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If I want to reduce the amount of sugar (to reduce sweetness) in a cookie recipe, how would that affect the end result (mainly with respect to texture) and what can be done to negate it?

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Perhaps it would be useful if you linked your current recipe, and how much sugar you want to use. There are a lot of cookies with a lot of different ratios and textures. –  Mien Jul 26 '12 at 17:33
    
I was hoping for a general answer about how sugar affects the texture of baked goods, but if this is dependent on the recipe, then the one I'm looking at right now is joyofbaking.com/ChocolateChipCookies.html . I'm not sure how much I want to use yet. I was thinking of experimenting a bit to find how much would taste best once I know how to do so without affecting anything else. –  howardh Jul 26 '12 at 18:38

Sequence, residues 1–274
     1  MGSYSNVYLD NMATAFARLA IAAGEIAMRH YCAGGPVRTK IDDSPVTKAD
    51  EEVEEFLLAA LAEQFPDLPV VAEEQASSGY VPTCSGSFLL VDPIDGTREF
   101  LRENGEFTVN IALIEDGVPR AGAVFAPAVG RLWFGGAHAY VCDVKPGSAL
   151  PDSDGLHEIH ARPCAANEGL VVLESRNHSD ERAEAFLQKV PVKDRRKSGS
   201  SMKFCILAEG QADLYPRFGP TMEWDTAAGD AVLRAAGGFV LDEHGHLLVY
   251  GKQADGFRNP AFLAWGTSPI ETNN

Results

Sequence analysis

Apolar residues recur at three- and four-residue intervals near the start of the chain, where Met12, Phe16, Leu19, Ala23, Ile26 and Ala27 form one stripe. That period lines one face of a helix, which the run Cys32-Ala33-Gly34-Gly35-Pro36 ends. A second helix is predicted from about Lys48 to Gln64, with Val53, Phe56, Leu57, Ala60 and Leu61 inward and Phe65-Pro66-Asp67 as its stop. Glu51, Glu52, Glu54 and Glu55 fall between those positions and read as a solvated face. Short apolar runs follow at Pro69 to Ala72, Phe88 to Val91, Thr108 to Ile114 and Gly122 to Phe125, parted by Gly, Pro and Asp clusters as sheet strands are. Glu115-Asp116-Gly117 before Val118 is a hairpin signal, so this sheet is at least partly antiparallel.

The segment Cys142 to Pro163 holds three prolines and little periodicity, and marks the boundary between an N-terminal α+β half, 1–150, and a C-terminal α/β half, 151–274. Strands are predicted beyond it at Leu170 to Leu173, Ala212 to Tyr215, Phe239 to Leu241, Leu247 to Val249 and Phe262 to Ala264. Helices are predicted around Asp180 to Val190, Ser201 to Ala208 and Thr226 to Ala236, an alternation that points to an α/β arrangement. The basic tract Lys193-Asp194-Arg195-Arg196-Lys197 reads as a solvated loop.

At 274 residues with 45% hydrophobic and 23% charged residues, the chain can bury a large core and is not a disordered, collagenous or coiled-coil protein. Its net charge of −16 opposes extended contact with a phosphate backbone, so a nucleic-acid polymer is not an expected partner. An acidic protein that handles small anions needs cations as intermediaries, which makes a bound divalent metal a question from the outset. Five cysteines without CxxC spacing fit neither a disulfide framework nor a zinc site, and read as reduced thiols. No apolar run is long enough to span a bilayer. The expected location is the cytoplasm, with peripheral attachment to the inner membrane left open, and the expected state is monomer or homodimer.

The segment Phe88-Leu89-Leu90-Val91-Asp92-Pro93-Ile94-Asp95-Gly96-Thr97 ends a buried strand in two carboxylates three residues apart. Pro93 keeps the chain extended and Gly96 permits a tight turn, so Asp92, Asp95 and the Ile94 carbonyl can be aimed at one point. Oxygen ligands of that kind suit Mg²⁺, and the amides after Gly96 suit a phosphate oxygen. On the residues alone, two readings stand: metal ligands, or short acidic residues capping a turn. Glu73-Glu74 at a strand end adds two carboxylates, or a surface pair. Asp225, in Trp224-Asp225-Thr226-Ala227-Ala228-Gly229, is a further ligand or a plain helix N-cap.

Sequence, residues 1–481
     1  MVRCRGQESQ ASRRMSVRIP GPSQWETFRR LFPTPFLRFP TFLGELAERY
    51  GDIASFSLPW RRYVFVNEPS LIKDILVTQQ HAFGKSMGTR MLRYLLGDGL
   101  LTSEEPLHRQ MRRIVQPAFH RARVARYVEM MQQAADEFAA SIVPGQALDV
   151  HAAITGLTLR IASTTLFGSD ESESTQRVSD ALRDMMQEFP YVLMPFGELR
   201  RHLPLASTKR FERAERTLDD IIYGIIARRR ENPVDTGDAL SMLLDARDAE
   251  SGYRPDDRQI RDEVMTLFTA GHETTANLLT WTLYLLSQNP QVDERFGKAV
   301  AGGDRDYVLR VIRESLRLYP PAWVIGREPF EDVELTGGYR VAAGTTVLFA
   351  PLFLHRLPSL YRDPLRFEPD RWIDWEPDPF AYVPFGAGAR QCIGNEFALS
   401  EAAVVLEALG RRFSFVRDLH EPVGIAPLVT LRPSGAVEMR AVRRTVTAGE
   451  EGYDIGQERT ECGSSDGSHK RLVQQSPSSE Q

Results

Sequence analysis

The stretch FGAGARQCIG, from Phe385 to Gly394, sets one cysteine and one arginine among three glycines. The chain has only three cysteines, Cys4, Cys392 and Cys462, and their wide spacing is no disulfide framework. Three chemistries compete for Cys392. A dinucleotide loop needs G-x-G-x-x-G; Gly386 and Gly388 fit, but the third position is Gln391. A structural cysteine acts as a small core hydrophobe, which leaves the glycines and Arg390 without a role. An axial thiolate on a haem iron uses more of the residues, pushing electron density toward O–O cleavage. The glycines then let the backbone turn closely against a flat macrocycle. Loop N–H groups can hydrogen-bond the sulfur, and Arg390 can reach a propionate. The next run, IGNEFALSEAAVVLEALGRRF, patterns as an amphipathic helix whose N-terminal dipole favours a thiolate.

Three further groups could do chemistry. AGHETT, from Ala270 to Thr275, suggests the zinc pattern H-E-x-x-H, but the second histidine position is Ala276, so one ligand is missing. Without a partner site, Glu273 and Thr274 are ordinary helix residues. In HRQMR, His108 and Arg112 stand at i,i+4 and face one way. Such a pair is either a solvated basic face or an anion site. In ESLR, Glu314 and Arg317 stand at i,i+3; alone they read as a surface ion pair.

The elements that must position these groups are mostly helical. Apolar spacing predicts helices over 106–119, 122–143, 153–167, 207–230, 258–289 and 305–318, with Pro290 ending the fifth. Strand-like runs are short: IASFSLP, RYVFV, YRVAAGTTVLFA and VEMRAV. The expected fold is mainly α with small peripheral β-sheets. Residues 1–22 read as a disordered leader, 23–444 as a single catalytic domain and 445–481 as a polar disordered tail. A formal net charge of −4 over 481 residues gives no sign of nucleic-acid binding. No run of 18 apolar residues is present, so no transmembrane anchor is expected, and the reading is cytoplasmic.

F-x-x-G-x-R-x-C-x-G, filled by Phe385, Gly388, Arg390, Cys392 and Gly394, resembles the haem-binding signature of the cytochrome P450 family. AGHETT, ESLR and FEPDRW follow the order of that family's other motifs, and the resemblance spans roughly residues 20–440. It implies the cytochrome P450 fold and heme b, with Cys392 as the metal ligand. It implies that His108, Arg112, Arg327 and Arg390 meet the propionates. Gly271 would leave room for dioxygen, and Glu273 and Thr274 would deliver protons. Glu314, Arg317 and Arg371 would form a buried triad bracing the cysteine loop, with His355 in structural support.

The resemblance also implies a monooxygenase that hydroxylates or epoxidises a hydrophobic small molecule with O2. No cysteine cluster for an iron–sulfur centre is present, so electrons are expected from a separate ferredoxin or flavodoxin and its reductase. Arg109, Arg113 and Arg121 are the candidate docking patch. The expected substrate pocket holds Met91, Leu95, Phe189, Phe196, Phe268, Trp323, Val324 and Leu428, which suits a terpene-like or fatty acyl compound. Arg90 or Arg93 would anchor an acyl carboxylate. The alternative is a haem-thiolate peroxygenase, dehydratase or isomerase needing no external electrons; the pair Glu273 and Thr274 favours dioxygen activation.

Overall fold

@howardh Like Mien said, there's a lot of variety. The answer for chocolate chip cookies will apply to a lot of other basic cookies with the same kind of flour butter sugar base, like say sugar cookies, but not necessarily things with different balances of main ingredients. –  Jefromi Jul 27 '12 at 1:36
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up vote 3 down vote accepted

Sugar isn't added to baked goods just to sweeten them: it also does things to the fats and starches to help create the texture. This is related to why some recipes require castor sugar (i.e. very fine crystals) and others do not.

One solution you could experiment with is changing the sugar. Dextrose is noticeably less sweet than cane sugar, for instance, for the same quantity.

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Sugar works as a tenderizing agent in baked goods. Since water loves sugar, they bind together, adding a bit of moisture. It's probably ok to reduce the sugar by 1/3 without seriously affecting the end product. You may need to add a little more fat (as a tenderizer). I suggest experimenting with your recipe, reducing the sugar a little at a time until you come up with an acceptable end product.

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